Fast, affordable Internet access for all.
Local governments, educational institutions, health care organizations and other commercial/industrial businesses also stand to benefit greatly, said Marcia Weber, Southern Tier Central executive director. Possible applications include “distance learning” between college campus branches and “telemedicine” between rural clinics and major hospitals, Weber said. … The project has been a top priority for Southern Tier Central in recent years. Weber, who called it “her passion,” was very disappointed when a major federal stimulus grant was narrowly missed last year. The counties’ share (Steuben, $1.23 million; Chemung, $790,000; Schuyler, $188,000) will fund a non-profit, to be called Southern Tier Network, that has been created to oversee and maintain the network.The project starts this year and expects to be finished by 2013. In 2014, the project is expected to become self-sustainable -- being funded by the fees it charges for access to the infrastructure. A fact sheet on the project [pdf] explains the governing structure:
Southern Tier Network is a new not-for-profit, local development corporation (LDC) established to own, build and manage a $12.2 million regional fiber optic backbone that will enable access to the highest speed broadband connectivity available in Chemung, Schuyler and Steuben Counties. Articles of Incorporation for Southern Tier Network have been filed with New York State, and a board of directors is in place, comprised of representatives from the three counties and other community stakeholders.The fact sheet also explains the idea of Middle Mile and Open Access (referencing Axcess Ontario, a similar project funded by Ontario County):
Southern Tier Network will supply access to the new telecommunications network, not Internet connectivity itself. It will lease network capacity to telecommunication carriers, governments, educational institutions and healthcare organizations, as well as other commercial and industrial businesses. The initiative will focus on partnerships with service providers and encourage the use of the optical fiber backbone to expand competitive services throughout the region, including more rural areas. The optical fiber backbone will be open to any viable entity for use in supporting the creation and delivery of technologies and services. The network is meant to complement the established carrier infrastructure and not to devalue existing investments in the community. … The Southern Tier Network ultimately will connect to other regional open access networks. STN’s business plan mirrors the successful and nationally-recognized model now operational in Ontario County, N.Y. The Ontario County fiber ring is a model for rural communities seeking broadband access, and was implemented and facilitated by ECC Technologies, Inc., STC’s technical advisor in the Southern Tier Network initiative.A Frequently Asked Questions handout [pdf] notes that the counties failed to secure federal support through the broadband stimulus program and grew tired of hoping that Google would solve their problems for them.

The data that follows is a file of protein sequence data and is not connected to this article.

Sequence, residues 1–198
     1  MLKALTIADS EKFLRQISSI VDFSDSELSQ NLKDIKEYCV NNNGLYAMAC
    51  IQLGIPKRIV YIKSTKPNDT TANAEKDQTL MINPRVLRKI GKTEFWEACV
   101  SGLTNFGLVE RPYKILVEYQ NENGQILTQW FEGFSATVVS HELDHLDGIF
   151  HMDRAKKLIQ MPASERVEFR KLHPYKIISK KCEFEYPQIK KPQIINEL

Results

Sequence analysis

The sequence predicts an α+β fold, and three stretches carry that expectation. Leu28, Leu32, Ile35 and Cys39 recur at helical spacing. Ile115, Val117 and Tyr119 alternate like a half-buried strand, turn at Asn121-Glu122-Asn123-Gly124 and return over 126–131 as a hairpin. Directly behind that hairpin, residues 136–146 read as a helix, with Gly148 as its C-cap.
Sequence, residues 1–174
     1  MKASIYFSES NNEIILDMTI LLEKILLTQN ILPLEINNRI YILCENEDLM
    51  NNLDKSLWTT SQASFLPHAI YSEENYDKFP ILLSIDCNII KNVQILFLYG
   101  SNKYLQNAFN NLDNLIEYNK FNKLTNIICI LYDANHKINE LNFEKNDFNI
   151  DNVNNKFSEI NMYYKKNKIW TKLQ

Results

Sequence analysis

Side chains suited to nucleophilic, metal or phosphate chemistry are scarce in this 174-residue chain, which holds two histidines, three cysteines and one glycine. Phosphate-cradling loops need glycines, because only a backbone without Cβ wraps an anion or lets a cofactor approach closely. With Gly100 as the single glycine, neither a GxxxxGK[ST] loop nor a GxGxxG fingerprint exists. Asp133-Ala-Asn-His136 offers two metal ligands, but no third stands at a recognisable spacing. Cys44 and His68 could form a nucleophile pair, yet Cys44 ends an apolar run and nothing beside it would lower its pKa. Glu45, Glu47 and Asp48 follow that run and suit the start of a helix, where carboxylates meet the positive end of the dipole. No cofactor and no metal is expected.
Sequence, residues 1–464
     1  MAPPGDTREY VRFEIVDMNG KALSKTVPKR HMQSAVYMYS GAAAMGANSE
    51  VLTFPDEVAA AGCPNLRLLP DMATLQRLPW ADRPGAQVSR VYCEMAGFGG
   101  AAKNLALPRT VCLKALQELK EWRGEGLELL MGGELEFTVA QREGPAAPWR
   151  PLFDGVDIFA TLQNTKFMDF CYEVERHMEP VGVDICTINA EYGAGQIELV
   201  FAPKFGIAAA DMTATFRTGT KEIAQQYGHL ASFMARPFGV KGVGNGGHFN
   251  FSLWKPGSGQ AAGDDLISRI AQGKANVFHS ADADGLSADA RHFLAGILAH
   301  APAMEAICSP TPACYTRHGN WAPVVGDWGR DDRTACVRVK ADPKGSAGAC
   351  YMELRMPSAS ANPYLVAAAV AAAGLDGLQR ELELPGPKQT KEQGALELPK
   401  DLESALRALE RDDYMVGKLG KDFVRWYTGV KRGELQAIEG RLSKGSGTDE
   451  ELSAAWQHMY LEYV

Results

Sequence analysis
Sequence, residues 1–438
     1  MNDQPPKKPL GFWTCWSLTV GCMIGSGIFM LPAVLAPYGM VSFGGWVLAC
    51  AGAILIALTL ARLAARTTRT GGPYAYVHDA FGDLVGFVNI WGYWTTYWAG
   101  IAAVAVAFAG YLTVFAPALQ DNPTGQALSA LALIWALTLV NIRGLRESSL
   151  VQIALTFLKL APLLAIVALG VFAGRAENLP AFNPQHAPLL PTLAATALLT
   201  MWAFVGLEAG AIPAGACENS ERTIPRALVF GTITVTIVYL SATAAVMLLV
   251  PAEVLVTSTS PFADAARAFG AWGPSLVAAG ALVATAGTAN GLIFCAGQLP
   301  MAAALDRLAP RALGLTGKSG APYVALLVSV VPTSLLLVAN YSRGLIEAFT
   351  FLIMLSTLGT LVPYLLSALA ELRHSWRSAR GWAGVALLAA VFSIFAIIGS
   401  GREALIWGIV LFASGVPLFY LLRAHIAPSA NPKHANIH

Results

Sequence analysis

The Southern Tier Central Regional Planning and Development Board (STC) has been working for several years to make fiber available in our region. As part of those efforts, STC applied for federal funding from the National Telecommunications and Information Administration (NTIA), but received disappointing news in September 2010. STC’s bid for funding, which had reached the final stages, was denied because NTIA did not have sufficient resources to fund the project. In addition, an application to Google’s 2010 “Think Big with a Gig” Fiber for Communities grant program has been put on hold by Google. In the wake of these events, the planning board decided to move forward with its plan to create a fiber optic infrastructure. STC continued its efforts to secure the funding and partners necessary to launch the initiative, and has been joined by Chemung, Schuyler and Steuben Counties, ECC Technologies, Inc., and Corning Incorporated to form Southern Tier Network. Today, a board of directors is in place, comprised of representatives from the three counties and other community stakeholders.This video is no longer available.